How Germans Talk About Darkness

by Expath Language School

As in English, “darkness” can have many different significations in German.



The main German word for “darkness” is “Dunkelheit” (f.), from the adjective “dunkel”, meaning “dark”.

“Düsterkeit” (f.), “Düsterheit” (f.) and (more rarely) “Düsternis” (f.) can be used in the sense of “gloom” and “dreariness”. The adjective is either “duster” or “düster”.

A somewhat more antiquated word for “darkness” is “Finsternis” (f.), which may be found in poetic and older literary works. Here the adjective is “finster”.

A related word is “zappenduster”, which essentially means “very/completely dark” and is also used to describe bleak-looking situations. This word is thought to describe the darkness following the “Zapfenstreich”, originally a musical signal indicating the beginning of curfew (or “military tattoo”).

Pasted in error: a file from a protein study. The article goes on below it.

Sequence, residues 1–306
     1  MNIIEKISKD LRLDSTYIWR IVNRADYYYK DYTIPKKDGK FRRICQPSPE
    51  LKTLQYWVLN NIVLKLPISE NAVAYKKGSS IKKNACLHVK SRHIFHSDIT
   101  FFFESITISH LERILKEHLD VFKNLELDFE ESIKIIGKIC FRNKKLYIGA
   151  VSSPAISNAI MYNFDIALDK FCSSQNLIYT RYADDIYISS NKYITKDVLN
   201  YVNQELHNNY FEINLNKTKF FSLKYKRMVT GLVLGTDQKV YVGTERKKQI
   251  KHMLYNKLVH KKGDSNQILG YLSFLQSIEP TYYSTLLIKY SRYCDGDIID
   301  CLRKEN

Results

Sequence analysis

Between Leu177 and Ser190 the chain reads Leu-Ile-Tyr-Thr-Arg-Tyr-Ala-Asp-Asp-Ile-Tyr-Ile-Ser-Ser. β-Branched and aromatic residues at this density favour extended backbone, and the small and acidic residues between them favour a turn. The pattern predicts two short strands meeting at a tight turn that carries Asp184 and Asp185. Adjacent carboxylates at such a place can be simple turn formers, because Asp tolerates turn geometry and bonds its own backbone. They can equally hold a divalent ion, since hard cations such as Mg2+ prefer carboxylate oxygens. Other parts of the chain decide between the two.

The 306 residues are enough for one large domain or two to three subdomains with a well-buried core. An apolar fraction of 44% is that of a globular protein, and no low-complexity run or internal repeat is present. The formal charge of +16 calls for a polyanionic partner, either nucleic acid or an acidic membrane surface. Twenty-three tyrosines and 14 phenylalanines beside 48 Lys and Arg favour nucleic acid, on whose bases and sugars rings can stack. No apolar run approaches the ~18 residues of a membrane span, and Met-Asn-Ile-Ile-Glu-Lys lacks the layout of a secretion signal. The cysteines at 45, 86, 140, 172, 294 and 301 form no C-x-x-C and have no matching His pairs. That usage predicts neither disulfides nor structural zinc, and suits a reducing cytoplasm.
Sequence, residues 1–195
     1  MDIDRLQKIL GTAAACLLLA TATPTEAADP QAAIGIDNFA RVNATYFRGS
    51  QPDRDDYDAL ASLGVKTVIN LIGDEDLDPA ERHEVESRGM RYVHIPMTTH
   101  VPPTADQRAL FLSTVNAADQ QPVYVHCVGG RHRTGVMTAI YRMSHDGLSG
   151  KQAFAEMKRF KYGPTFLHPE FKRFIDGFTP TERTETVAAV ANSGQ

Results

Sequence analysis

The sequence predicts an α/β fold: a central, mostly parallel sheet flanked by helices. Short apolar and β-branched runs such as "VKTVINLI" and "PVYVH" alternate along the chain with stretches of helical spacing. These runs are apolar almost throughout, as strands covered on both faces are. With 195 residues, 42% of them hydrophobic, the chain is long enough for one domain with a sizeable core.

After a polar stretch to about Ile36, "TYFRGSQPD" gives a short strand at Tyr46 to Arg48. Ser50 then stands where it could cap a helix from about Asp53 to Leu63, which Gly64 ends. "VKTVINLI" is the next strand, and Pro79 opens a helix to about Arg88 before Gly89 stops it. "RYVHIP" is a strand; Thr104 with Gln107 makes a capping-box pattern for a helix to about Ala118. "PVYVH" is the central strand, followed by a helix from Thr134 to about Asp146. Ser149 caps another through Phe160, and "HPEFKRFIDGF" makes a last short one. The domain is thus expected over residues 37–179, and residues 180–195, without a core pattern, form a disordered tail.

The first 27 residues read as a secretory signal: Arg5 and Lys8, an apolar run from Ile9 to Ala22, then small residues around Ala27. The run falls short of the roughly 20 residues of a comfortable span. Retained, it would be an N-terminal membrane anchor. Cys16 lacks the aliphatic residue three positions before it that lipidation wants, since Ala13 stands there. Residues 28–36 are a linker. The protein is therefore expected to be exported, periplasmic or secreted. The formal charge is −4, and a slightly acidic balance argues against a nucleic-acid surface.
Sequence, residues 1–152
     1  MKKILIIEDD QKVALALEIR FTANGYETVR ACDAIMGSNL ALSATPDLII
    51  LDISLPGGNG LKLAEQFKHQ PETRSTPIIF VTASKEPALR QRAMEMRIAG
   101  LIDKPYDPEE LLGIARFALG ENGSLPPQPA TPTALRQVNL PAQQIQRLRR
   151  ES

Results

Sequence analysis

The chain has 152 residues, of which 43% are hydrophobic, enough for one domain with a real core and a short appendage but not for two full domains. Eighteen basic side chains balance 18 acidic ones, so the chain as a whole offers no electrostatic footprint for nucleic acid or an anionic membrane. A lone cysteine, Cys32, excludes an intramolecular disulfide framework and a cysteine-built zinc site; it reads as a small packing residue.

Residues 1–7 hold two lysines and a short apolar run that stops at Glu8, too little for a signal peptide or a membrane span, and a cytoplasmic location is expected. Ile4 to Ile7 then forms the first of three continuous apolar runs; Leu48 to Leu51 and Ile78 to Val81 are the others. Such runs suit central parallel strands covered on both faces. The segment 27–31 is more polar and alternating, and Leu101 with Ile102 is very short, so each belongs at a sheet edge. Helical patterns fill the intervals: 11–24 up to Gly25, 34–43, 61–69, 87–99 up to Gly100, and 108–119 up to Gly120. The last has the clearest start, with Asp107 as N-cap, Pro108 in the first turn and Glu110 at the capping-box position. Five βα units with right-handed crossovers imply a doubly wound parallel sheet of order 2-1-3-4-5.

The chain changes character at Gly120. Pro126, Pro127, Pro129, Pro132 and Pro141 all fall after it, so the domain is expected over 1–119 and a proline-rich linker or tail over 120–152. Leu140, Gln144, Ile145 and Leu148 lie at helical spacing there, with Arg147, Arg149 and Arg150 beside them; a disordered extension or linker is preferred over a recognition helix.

Wir müssen da sein bevor es dunkel wird. We must be there before dark.

Das ist eine dunkle Farbe. This is a dark color.

Seine Laune ist düster. His mood is gloomy.

Er nennt sich ‘Fürst der Finsternis’. He calls himself “Prince of Darkness”.

Das sind düstere Aussichten. That’s a bleak outlook.

Wenn du das studierst sieht es beruflich zappenduster aus. If you study that your professional future looks bleak.